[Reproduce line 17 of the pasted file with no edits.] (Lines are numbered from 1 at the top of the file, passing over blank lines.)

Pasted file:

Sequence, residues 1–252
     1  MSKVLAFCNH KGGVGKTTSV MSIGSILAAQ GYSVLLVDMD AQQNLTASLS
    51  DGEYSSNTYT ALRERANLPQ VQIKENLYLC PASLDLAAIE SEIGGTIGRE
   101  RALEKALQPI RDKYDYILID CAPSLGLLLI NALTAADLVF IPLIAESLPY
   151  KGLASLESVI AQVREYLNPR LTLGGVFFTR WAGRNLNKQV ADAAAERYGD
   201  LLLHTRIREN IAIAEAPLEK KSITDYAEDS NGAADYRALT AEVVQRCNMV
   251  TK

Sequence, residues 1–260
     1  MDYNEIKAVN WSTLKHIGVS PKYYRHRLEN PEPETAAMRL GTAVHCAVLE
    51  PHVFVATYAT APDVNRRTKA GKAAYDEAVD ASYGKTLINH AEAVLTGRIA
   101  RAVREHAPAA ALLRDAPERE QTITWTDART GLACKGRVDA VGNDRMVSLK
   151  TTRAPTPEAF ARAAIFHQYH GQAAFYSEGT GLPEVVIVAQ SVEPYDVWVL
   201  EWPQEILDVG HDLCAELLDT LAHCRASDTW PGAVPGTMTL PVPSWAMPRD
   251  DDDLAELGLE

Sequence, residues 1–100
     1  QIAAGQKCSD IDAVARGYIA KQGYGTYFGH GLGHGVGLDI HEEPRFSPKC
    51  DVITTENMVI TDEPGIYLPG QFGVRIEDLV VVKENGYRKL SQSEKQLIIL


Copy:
    51  DVITTENMVI TDEPGIYLPG QFGVRIEDLV VVKENGYRKL SQSEKQLIIL